Consider the Source

Back during my undergraduate degree, I had to take a course called "Consider the Source," which if I remember correctly was a one-credit class aimed at teaching us to discern the validity of different sources as we were putting together a persuasive case. We didn't actually have to make any arguments, but instead we had to vet sources and justify their usefulness in supporting an argument.

For years, I was a lead in the customer solutions department at the laboratory where I work. What we often saw were the escalated issues from our clients where something got screwed up and errors were made. I remember certain employees on the team getting exasperated because "oh great, we screwed up again."

I had to remind them to consider the source of our work. We handled issues, full time. No one was going to call us and say, "Hey, you guys just did a bang-up job again, thank you for not making any mistakes." No, we were tasked with the issues only. I had to remind them of the big picture, that in the largest scope of our organization, about 99% of the work performed each night for our patients was done flawlessly. We saw the issues, which were serious and important, but in the larger scheme of things, they were very few.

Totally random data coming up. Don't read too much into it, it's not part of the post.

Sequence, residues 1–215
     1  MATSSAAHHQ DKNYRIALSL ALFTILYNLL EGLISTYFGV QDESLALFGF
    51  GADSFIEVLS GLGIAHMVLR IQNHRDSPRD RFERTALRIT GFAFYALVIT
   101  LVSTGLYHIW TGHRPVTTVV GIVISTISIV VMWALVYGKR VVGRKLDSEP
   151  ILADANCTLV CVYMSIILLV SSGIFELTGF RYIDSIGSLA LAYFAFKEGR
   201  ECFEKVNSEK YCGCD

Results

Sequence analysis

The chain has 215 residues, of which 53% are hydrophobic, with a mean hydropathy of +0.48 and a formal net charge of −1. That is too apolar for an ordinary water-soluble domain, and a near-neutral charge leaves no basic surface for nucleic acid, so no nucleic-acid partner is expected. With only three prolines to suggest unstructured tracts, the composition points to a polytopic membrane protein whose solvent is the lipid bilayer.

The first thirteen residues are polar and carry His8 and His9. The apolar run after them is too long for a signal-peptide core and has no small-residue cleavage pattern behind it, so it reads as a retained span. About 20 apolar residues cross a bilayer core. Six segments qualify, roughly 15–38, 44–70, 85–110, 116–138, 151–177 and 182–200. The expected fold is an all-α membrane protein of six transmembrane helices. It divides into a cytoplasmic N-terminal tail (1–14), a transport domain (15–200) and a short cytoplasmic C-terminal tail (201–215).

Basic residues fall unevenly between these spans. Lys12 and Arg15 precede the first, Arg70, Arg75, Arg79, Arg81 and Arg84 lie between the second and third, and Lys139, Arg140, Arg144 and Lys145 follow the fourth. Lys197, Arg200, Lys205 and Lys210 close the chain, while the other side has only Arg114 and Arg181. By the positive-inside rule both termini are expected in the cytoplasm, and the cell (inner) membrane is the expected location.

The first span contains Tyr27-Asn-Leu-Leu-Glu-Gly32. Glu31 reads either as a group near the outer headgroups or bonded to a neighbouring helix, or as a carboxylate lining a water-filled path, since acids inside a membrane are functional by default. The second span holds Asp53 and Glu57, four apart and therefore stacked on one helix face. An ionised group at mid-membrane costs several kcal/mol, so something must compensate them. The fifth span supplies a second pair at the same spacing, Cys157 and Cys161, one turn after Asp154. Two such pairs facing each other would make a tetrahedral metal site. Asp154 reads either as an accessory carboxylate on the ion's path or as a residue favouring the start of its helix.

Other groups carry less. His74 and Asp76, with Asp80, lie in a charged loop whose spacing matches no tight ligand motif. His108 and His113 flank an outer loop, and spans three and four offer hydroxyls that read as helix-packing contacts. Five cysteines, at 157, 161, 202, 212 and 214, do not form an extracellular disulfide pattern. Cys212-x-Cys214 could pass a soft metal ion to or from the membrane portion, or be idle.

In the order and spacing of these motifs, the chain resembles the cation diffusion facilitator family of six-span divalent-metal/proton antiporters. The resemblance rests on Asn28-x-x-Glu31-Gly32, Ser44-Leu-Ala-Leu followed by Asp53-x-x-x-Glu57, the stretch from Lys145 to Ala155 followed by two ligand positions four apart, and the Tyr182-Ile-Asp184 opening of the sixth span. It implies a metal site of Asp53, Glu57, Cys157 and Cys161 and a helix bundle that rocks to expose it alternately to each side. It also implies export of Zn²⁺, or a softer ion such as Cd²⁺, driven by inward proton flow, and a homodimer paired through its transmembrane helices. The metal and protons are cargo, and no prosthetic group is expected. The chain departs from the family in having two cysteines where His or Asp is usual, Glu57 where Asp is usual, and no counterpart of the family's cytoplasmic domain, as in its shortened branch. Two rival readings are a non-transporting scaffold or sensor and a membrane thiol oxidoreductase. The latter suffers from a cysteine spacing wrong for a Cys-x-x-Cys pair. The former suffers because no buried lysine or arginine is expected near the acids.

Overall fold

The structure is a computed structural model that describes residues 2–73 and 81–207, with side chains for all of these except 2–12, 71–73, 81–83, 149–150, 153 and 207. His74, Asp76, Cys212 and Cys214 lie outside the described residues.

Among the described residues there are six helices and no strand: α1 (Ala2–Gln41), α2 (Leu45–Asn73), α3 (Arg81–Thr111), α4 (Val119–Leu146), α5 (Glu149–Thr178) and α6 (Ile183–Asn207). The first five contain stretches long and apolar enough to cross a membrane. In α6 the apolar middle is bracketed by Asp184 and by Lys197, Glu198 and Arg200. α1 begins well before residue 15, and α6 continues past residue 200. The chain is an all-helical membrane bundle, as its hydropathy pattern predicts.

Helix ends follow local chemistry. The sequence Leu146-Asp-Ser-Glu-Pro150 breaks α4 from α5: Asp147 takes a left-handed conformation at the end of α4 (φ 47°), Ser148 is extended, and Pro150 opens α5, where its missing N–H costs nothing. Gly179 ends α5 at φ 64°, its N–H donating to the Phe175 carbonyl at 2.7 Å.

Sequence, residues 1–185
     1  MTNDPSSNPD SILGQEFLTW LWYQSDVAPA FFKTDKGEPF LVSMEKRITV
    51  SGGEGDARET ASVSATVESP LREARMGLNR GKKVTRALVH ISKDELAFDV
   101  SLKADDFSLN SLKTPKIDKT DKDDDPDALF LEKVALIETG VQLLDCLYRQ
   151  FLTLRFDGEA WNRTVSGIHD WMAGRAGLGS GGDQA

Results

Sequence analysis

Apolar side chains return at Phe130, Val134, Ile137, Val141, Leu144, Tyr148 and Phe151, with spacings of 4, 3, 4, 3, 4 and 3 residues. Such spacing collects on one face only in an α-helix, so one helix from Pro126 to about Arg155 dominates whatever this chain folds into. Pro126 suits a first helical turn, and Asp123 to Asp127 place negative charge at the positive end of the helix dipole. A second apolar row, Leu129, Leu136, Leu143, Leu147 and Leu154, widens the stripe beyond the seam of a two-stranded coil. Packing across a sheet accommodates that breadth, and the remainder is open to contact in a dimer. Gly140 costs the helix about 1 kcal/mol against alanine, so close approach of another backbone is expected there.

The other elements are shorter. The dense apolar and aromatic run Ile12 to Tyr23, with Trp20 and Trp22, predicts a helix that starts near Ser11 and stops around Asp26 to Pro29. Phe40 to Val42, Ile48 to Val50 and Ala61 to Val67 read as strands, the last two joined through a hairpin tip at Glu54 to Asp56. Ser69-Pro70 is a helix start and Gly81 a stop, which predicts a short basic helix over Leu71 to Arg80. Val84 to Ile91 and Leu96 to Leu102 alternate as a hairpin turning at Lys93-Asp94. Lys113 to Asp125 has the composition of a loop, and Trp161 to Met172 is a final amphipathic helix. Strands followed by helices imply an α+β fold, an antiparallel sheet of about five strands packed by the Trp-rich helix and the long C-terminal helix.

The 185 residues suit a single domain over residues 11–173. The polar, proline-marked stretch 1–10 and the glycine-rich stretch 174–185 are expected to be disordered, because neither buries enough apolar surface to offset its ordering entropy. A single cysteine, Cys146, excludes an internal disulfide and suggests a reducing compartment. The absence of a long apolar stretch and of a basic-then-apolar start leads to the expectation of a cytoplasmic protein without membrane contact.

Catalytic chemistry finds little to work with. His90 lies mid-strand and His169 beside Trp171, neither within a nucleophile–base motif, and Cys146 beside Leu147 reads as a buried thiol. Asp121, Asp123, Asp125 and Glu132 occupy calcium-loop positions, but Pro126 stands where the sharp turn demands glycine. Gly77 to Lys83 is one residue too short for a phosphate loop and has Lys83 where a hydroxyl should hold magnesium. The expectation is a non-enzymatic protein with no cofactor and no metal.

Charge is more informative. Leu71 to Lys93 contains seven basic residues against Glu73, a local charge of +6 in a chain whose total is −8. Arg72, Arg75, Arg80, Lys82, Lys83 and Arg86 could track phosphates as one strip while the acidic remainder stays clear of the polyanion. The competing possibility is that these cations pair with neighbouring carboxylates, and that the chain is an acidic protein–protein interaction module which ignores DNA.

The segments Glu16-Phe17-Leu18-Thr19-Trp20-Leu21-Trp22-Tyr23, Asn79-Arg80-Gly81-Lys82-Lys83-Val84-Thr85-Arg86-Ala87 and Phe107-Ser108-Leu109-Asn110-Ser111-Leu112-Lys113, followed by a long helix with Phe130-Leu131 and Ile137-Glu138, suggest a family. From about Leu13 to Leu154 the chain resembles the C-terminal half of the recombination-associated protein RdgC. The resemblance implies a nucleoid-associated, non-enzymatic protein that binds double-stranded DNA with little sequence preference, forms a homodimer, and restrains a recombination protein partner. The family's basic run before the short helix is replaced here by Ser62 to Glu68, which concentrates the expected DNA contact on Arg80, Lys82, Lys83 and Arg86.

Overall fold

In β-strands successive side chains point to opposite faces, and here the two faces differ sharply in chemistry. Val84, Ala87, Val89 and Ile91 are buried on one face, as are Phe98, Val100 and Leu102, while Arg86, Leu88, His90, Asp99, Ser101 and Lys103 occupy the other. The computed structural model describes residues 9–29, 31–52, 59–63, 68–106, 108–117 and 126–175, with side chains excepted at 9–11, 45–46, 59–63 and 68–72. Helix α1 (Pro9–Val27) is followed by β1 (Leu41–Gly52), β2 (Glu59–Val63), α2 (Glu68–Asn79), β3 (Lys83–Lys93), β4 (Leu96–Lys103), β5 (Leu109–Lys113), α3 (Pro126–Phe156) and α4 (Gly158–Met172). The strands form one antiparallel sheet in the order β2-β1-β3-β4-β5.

I had an appointment with my personal physician this week to get my prescriptions renewed, and of course he asked me if I had gotten the COVID-19 vaccine. I had debated how I was going to answer this going in to my appointment, but I decided to be honest and told him that I had not. I knew he would try to persuade me to get it, and he did. He began, in his kind way, sharing details of horror stories of very sick patients he had treated in the hospital - unvaccinated and filled with regret. 

I wanted to say, "Yes, but I only call the plumber when I have an issue, not when the pipes are running smoothly." He's a doctor, he lives in a world of sickness. I don't discredit his stories, I am sure they are true and that his concern for me is legitimate. But he isn't calling on the asymptomatic or mild symptom patients. He is dealing with the severely sick, and it is the same argument he has made to me every year when trying to get me to get the flu shot (and me refusing that as well). I understand the lens through which he sees the world might be frightening in terms of COVID. 

But it doesn't change the fact that I am distrustful of these vaccines, this government, and the intense push to mandate it.

I told him I would consider the information he presented, and to his credit, he said, "And that is all I can do and leave you with a free choice."

I am still unconvinced. I respect his opinions, but I consider the source. 

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